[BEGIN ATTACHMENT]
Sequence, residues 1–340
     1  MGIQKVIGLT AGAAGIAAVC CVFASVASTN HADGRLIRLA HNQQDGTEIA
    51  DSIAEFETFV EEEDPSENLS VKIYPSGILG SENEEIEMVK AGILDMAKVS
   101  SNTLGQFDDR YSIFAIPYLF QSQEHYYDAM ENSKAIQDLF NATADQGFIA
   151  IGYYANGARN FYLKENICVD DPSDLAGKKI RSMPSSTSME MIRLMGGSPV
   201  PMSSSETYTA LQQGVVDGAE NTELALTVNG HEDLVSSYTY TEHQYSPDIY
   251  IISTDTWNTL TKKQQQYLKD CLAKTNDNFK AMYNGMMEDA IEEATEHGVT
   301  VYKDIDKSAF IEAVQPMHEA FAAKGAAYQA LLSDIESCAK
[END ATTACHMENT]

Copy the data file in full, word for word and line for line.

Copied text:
Sequence, residues 1–340
     1  MGIQKVIGLT AGAAGIAAVC CVFASVASTN HADGRLIRLA HNQQDGTEIA
    51  DSIAEFETFV EEEDPSENLS VKIYPSGILG SENEEIEMVK AGILDMAKVS
   101  SNTLGQFDDR YSIFAIPYLF QSQEHYYDAM ENSKAIQDLF NATADQGFIA
   151  IGYYANGARN FYLKENICVD DPSDLAGKKI RSMPSSTSME MIRLMGGSPV
   201  PMSSSETYTA LQQGVVDGAE NTELALTVNG HEDLVSSYTY TEHQYSPDIY
   251  IISTDTWNTL TKKQQQYLKD CLAKTNDNFK AMYNGMMEDA IEEATEHGVT
   301  VYKDIDKSAF IEAVQPMHEA FAAKGAAYQA LLSDIESCAK